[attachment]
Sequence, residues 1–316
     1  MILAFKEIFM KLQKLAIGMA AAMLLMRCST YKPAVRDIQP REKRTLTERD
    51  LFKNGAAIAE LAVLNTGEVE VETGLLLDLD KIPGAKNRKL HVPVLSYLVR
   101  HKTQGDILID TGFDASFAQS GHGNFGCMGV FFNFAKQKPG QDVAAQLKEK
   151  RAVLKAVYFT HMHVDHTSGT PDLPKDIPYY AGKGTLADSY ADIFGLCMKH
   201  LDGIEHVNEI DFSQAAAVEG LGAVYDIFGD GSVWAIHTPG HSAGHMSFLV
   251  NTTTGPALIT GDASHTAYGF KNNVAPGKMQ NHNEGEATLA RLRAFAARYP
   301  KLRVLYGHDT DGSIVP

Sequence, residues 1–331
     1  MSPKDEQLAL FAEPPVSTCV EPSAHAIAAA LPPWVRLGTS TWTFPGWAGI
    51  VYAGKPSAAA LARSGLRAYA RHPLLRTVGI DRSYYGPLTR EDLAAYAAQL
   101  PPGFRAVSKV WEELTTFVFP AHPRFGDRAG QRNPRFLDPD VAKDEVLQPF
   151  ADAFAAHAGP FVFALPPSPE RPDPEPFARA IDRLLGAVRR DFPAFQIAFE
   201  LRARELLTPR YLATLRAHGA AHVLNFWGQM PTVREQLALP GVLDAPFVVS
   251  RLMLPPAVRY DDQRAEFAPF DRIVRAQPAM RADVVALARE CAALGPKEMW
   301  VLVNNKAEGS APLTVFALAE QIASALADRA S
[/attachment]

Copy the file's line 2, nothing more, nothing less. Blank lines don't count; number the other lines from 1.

     1  MILAFKEIFM KLQKLAIGMA AAMLLMRCST YKPAVRDIQP REKRTLTERD